Tax Letters: How to extract tax-free corporate funds using life insurance—at least for now…Date: January, 2014
Life insurance gives a level of financial security for family members of the deceased. However, having a policy also has investment purposes or provides future liquidity. The decision as to who should own life insurance (whether personally or corporately) should be relevant to your circumstances. Over time, these circumstances may change and there may be a desire to change the holder of the policy.
In the absence of special rules, where a person (the transferor) transfers an asset to another person or entity, he/she is generally considered to have received fair market value (FMV) consideration in exchange for the asset. Thus, he/she will incur an income tax liability to the extent that the FMV exceeds the tax cost (value) of the asset to the transferor.
The rules surrounding the income tax treatment of life insurance are complex, and one such special rule currently applies to the transfer of life insurance between non-arm’s length persons. Specifically, a transfer of a life insurance policy is considered to take place for proceeds equal to the cash surrender value (CSV) of the policy and not at the FMV of the policy.
In contrast to the FMV, the CSV represents the amount that the life insurer would pay if the policyholder were to cancel his/her policy before its maturity. The FMV may be substantially higher than the CSV if, for example, the insured has health problems that have resulted in a reduced life expectancy. Where this is the case, there may be an opportunity to extract tax-free corporate funds.
Consider the following example. Let’s assume that Mr. Smith personally holds a life insurance policy that he has held for many years. Mr. Smith is in poor health. Let’s assume that the cost of the policy is zero, the CSV is zero, but the FMV is $1 million because of Mr. Smith’s reduced life expectancy.
Mr. Smith transfers the policy to his wholly owned corporation (SmithCo) in exchange for a demand promissory note of $1 million. Although Mr. Smith has received FMV consideration, he is deemed to dispose of the policy for no proceeds (i.e. at CSV) for income tax purposes. Consequently, since the proceeds of disposition in respect of the transferred policy are equal to the cost of the policy to Mr. Smith, no income tax will result on the transfer. At the same time, SmithCo may immediately repay the promissory note to Mr. Smith without any further income tax implications.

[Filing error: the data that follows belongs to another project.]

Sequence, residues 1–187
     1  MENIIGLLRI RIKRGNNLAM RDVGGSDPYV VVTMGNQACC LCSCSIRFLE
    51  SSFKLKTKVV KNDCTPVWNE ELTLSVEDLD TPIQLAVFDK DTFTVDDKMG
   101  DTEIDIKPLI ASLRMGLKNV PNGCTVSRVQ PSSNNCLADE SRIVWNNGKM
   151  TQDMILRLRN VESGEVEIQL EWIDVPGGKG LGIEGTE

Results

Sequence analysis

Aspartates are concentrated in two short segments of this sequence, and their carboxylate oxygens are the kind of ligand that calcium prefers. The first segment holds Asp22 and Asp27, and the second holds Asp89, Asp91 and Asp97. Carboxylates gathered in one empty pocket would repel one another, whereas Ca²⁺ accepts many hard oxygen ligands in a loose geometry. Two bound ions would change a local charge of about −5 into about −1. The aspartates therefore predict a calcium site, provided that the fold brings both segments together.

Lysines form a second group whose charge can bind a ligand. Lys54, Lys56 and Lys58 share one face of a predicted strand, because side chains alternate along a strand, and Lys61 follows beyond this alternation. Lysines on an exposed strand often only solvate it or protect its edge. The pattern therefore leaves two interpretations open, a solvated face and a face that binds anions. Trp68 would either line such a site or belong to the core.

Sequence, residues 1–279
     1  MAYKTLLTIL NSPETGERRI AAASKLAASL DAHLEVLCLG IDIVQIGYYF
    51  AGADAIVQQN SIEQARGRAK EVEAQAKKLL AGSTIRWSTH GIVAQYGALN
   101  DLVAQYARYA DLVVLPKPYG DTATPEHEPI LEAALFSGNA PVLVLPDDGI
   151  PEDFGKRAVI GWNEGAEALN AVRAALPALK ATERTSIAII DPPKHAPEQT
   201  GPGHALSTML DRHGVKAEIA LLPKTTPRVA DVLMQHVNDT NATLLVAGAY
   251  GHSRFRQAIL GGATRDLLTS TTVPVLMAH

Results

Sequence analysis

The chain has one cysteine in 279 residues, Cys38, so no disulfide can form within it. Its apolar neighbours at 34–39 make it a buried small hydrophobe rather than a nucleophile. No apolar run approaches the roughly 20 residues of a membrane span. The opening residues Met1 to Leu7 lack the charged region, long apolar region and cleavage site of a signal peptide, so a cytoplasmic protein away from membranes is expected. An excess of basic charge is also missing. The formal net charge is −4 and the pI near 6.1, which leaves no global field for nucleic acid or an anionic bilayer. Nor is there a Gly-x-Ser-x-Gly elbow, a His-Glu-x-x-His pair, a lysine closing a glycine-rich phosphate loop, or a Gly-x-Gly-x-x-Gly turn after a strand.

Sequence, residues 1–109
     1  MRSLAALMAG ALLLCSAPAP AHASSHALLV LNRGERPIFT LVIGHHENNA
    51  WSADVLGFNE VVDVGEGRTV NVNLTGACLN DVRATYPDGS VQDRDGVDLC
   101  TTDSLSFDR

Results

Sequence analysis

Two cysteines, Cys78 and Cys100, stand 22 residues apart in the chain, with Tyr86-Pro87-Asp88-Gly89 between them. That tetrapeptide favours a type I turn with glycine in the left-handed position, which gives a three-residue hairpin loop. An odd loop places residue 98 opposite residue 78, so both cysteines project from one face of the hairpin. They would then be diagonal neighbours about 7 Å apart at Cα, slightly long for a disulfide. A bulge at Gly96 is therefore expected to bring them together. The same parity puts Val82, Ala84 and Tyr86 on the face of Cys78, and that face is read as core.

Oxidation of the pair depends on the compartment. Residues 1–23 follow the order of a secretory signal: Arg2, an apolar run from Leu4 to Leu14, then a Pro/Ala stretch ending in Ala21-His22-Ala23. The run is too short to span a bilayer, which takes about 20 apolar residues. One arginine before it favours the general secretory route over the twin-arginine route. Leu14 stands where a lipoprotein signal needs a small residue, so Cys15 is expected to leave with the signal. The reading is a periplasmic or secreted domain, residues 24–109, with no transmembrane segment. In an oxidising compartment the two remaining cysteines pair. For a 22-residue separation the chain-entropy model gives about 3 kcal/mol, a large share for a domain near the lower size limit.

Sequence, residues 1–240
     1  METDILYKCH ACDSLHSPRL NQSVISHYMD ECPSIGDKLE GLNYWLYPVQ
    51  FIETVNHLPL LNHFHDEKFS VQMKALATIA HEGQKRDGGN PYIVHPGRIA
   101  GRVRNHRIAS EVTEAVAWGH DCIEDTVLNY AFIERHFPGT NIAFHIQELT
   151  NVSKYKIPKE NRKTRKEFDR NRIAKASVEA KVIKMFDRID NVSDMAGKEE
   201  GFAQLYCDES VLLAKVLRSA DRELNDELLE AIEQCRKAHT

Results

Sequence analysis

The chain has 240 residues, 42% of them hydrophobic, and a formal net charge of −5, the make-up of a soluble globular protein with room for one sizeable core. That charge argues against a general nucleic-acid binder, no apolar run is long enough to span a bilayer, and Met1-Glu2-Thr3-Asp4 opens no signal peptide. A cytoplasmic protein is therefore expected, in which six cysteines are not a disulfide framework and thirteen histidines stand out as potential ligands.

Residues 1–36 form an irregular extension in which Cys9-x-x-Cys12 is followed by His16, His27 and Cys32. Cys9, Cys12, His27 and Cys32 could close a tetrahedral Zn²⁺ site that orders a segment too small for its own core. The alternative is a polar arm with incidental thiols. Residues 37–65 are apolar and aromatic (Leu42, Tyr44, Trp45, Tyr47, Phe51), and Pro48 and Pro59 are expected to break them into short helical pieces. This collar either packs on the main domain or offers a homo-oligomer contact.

When Mr. Smith passes away, SmithCo will receive life insurance proceeds (on a tax-free basis) of $1 million. These funds will be added to SmithCo’s capital dividend account (CDA), which is a notional account from which funds can be distributed to shareholders in a tax-free manner.
Because of this planning, Mr. Smith is able to both receive the life insurance proceeds on a tax-free basis (by way of the CDA) and extract $1 million cash from his company (by way of repayment of the promissory note) on a tax-free basis.
Mr. Smith was able to derive a tax benefit to the full FMV of the policy, but this may not always be the case. When the FMV of the life insurance policy exceeds its CSV, a similar set up will generally yield an income tax benefit. In summary, you can realize the greatest income tax benefits when the FMV is significantly higher than the CSV. In Mr. Smith’s case, the CSV was nil resulting in the extent of the benefit being fully maximized.
The rules surrounding the tax treatment of life insurance are complex and the facts pertaining to a particular situation must be carefully and holistically considered to ensure that negative tax (or other) consequences are adequately considered. For example, there may be a loss of creditor protection by having the life insurance policy in the corporation, and/or a loss of a shareholder’s ability to claim the lifetime capital gains exemption in respect of the shares of the corporation. In the right situation, however, careful planning may result in significant tax benefits.
The life insurance taxation system has recently been under heightened scrutiny by the Department of Finance and several changes to the taxation of life insurance products have already been enacted. It is possible that the rules allowing this particular tax benefit will change in the future. Consequently, if you personally hold a life insurance policy with a high FMV and lower CSV, immediate consideration of this planning opportunity is warranted.
As always, each situation is different, we recommend consulting with your Crowe Soberman professional advisor and your life insurance broker.
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This article was prepared by Marissa Verskin who is a senior manager in Crowe Soberman’s Tax Group. If you have any questions relating to this article, we encourage you to contact Marissa at email@example.com or 416.644.3307
This article has been prepared for the general information of our clients. Specific professional advice should be obtained prior to the implementation of any suggestion contained in this article.